Staff Ed: TPHS’ poorly executed Diversity Week shows lack of student effort

There is no doubt that diversity is an essential aspect of an inclusive educational environment — and that it is crucial for schools to promote diversity of all kinds, which includes both understanding and inclusion. However, the execution of TPHS 2024 Diversity Week fell short of the mark, revealing the lack of recognition, effort and general regard for the event. 

This began with scanty promotion of the event. The clearest evidence of this is that many students were not aware of the week-long event. It seems that the greatest effort made by the TPHS ASB –– that was in charge of planning and executing the event –– amounted to painting a few signs and hanging them in a single hallway. The signs, and the event by extension, felt more like the result of a sense of obligation than a genuine desire to connect the TPHS community and facilitate learning about varying cultures. In addition, a prevailing lack of widespread activism, communication and student engagement raises large questions about a collective agreement to embrace diversity at TPHS. 

But more than just general lack of school enthusiasm, key factors that may have contributed to the underwhelming outcome of Diversity Week are the organizational issues. Tasked with executing Diversity Week, along with numerous other events, ASB seemed to struggle to provide the necessary care and effort in planning the event. Student programming included a short “Q&A” segment during Student Connection time, during which ASB students asked the same questions to multicultural clubs on campus — questions like “What is diversity?” and “What does diversity mean to you?” Instead of delving into the specifics of the diversity clubs at TPHS, the Q&A felt more like another check on some Diversity Week to-do list.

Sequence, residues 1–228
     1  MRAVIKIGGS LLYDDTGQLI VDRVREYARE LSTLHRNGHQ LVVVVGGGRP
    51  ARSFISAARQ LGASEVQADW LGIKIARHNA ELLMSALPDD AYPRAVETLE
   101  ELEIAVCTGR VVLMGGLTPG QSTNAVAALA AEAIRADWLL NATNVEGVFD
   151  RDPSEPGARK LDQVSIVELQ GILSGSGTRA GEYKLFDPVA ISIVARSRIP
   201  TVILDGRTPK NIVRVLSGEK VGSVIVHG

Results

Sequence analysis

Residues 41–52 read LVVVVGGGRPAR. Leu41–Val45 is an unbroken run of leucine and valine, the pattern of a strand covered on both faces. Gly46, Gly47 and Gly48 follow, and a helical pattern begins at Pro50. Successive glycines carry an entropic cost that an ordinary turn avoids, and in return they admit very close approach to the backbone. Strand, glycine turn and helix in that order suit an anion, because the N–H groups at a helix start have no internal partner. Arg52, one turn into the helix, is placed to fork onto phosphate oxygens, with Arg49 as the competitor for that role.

To ensure the success of future Diversity Weeks, an alternate approach could entrust responsibility for the project to a group or program more suitable to promoting the value  of student diversity and inclusion, rather than a group primarily focused on planning social events, like ASB. By doing this, we can guarantee a more impactful, respectful and thoughtful celebration of diversity, instead of what felt like, at times, a half-done try at inclusivity. 

Giving planning and executing duties to empowered, dedicated students with a genuine passion for the idea that cultural diversity enriches every environment in which it exists would provide TPHS with a more engaging and meaningful experience in diversity education, not to mention get the student body more involved activities.

Perhaps most responsible for the letdown of Diversity Week was the simply horrible timing of the event. Lunch periods were the dedicated times for multiple key events throughout the week; during one, around 20 clubs set up tables as less than 100 students milled about the quad. Our student leaders and administration know most students go off-campus during the lunch period, yet organizers ignored this. 

The notable shortcomings of the event not only highlight the lack of commitment to diversity education and training at TPHS, but also expose the lack of effort we as a student body make to learn about the value of diverse contributions to our learning environment. From a lack of promotion to limited time allocation, TPHS Diversity Week’s execution and organization demonstrated a huge deficiency in effort and care for its student body.

In order to truly honor the diverse nature of our student body, it’s crucial for the timing and placement of the event to be more carefully considered. A more direct and effective way to get students involved on campus might be instead to plan an entire day on a weekend dedicated to student engagement with the numerous cultures on campus, or plan mandatory outings from class to listen to guest speakers. 

TPHS has the potential to grow into a model for celebrating diversity; but nothing will change if we do not address our shortcomings as a school.

By addressing the many deficiencies of this year’s Diversity Week — and by recognizing our responsibility as a student body to show up for our peers — TPHS can become a more inclusive and engaged community.

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